In French singer Edith Piaf’s signature song, she tells us “Je ne regrette rien”: “I regret nothing.” For the past 14 months, that’s been the ethos of Donald Trump’s presidential campaign. No matter how many racist, xenophobic, belittling, or mean-spirited things that he has said on the presidential campaign trail, he’s never once apologized or expressed remorse for any of them.
But last night in Charlotte he sang a new tune: “Je regrette certaines choses” — “I regret some things.” Things that Trump refused to actually identify.
To be sure, this is the closest Trump will ever come to admitting an error.
“Sometimes, in the heat of debate and speaking on a multitude of issues, you don’t choose the right words or you say the wrong thing,” he said. “I have done that, and I regret it, particularly when it may have caused personal pain.”
This is not an apology. Truth be told, it’s kind of a brilliant formulation. Trump could be expressing regret about that time he called Mexican immigrants “rapists” and “murderers” or when he mocked a disabled New York Times reporter, or derided Jeb Bush as “low energy” and Marco Rubio as “little Marco.” Or maybe he regrets, as he said last night that, “sometimes” he can just be “too honest.” Who among us has not done the same? Maybe he regrets that he hasn’t made even worse statements and feels bad about the personal pain that has caused to his more reactionary and intolerant supporters.
If Trump really felt regret, he might offer a few examples. That, after all, is usually how regret works. To the extent Trump feels remorse, it’s likely about how badly he is losing to Hillary Clinton in the polls. And not some of them, mind you, but all of them. That, of course, is the real reason why he offered his statement: He hopes it will convince reporters and perhaps a few undecided voters to look at him in a new light.
But it’s hard to take Trump seriously when a moment after expressing “regret” over the “personal pain” he’s caused, he declared that “one thing I can promise you is this: I will always tell the truth.” Later, he said that his campaign was offering the American people “a new future of honesty, justice, and opportunity” and that in his campaign journey, “I will never lie to you.”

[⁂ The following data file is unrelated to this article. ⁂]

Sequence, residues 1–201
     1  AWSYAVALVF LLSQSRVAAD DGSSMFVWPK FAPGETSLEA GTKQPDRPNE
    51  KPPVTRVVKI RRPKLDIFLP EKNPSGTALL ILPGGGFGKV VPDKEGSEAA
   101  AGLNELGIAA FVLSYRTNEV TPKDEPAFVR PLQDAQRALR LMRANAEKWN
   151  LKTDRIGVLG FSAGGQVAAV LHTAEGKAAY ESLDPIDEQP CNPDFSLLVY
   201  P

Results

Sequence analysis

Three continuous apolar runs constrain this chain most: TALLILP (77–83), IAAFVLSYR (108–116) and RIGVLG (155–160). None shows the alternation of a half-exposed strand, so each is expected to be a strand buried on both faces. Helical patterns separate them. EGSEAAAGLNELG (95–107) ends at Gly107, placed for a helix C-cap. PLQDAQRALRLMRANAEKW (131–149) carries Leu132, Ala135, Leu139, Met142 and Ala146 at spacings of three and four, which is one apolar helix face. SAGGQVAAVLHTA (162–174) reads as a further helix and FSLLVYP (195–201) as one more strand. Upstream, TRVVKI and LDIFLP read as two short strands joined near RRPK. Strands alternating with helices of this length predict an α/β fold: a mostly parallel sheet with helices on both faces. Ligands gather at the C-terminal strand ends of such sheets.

That sound you just heard? Irony collapsing to the ground in its death throes.
In the same speech in which Trump pledged to be a troubadour of honesty and probity, he repeated the lie that President Obama lied about that $400 million cash exchange with Iran; he accused Hillary Clinton of “unleashing ISIS around the world”; of lying to the families of those killed at Benghazi; of putting “Iran on the path to nuclear weapons,” and of “never telling the truth.”
Not one of these claims is true.
Only hours before Trump’s speech, his campaign spokeswoman, Katrina Pierson, went on MSNBC and alleged — without evidence — that Clinton suffers from dysphasia, a serious neurological condition. So I guess that means the Trump Truth-Telling Tour is starting . . . now.
Now, Trump’s speech last night was certainly better written than those he’s delivered in the past, but crisper, cleaner rhetoric can’t mask the true nature of Trump’s rhetoric. His speech was still chock-full of xenophobic claims about illegal immigrants committing crime in the United States. It still falsely accused Hillary Clinton of being personally corrupt. As always, it offered little in the way of actual policy substance, and presented a dystopian view of America, circa 2016.
If Donald Trump wants to pivot toward being a less vitriolic and more honest and self-reflective candidate, I say more power to him. But nothing he said last night — or has said since he announced his presidential bid in June 2015 — should lead anyone to believe that’s about to happen.
Michael A. Cohen’s column appears regularly in the Globe. Follow him on Twitter @speechboy71.